How Can I Protect Myself When Living With Diabetes?

Once you’ve been diagnosed with Diabetes, there is a long period of adjusting to your, “new normal.” Depending on the type of Diabetes you have, you may be partnering with your primary care physician, endocrinologist, or obstetrician/gynecologist to manage your condition.

Support groups and educational groups can be of great benefit while you learn the best ways to manage your specific symptoms so you can live your best life.

There are a lot of tools you may need to manage your Diabetes, depending on the type, including everything from prescriptions to test strips for your glucose meter. As you and your doctor(s) determine the best treatment path for your specific needs, you’ll learn more about the many tools on the market for Diabetes management.

One tool everyone with Diabetes needs, regardless of the type, is a medical ID. Diabetes is one of the most common conditions for which people wear med IDs, because every type of Diabetes carries risks associated with low blood glucose events. Sometimes, when a person with Diabetes experiences low blood sugar, the experience comes on very quickly and may cause mood changes, nausea, disorientation, fear, and confusion.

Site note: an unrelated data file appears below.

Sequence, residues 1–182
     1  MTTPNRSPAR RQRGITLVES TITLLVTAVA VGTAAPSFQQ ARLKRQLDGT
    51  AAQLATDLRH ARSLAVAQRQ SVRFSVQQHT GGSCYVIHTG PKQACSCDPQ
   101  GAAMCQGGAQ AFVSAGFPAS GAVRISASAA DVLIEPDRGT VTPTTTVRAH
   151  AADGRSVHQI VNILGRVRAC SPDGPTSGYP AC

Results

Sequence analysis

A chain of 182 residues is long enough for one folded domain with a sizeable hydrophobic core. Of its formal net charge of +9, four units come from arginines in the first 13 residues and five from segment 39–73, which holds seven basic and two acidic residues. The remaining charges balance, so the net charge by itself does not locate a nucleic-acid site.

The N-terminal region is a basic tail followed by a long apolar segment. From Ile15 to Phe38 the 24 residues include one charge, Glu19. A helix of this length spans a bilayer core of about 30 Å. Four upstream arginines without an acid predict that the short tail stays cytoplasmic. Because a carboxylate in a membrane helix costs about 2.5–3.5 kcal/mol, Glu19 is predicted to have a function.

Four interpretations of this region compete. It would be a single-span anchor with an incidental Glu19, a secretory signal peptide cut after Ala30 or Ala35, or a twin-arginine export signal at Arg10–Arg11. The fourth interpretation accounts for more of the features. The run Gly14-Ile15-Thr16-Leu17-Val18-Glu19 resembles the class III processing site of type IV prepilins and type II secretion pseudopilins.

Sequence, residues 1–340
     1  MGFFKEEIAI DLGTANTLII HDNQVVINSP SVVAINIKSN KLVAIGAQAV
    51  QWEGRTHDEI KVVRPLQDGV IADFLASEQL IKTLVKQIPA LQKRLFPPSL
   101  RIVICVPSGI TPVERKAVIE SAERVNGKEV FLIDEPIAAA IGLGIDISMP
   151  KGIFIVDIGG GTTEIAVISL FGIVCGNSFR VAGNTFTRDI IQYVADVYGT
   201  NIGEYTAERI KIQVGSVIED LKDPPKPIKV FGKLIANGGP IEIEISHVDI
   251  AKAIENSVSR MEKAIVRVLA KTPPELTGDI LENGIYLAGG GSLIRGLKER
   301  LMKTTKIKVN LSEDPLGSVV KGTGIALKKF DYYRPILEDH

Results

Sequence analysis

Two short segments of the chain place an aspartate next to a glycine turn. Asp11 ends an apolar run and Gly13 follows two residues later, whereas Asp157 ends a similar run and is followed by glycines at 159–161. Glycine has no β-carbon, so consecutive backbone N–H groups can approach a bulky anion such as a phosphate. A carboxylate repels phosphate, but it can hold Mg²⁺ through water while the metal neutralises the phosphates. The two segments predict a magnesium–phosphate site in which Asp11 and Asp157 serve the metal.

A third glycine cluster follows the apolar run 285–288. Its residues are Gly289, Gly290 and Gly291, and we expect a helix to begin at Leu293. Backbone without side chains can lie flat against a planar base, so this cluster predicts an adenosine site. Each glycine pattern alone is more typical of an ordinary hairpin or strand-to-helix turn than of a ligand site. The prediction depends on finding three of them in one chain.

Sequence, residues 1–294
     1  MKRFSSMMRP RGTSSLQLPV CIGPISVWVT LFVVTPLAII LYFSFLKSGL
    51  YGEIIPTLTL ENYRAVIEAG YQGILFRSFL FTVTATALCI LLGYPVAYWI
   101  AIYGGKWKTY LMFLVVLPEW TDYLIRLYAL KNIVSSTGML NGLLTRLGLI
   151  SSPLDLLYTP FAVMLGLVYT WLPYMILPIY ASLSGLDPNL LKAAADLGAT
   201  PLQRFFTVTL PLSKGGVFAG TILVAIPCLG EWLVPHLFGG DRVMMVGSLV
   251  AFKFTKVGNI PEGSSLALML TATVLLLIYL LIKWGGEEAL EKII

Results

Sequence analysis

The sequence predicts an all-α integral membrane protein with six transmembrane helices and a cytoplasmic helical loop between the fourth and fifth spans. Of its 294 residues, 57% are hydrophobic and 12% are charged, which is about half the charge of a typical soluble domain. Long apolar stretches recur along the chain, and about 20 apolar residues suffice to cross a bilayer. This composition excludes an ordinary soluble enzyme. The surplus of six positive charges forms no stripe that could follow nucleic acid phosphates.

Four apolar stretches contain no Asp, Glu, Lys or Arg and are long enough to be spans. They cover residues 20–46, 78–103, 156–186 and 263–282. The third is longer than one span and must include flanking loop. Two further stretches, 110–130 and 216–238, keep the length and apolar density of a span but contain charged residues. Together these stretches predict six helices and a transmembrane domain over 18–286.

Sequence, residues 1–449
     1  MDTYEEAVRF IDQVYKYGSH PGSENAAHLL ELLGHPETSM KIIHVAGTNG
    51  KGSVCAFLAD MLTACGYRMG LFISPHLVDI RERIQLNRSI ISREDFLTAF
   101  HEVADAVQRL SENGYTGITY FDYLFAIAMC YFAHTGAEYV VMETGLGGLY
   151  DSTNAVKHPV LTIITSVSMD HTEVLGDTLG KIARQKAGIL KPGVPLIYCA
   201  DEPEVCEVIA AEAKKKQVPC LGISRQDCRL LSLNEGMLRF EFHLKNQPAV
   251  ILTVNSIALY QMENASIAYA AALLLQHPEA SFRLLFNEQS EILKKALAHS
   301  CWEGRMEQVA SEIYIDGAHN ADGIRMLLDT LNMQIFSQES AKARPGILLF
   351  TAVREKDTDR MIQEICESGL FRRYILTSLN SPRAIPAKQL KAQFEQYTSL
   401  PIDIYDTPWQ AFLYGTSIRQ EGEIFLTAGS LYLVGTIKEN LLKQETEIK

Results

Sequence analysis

A person experiencing low blood glucose may appear inebriated or may lose consciousness. Wearing a Diabetes bracelet certainly won’t prevent such events, but having a custom-engraved Diabetes med ID means that in an emergency, your diagnosis and emergency contact information is readily available to First Responders. When an EMT is able to quickly identify that a patient has Diabetes, s/he has what’s needed to more quickly and effectively provide treatment and potentially avoid unnecessary tests and trips to the hospital.

Learn more about what you’ll want to include in your diabetes emergency kit.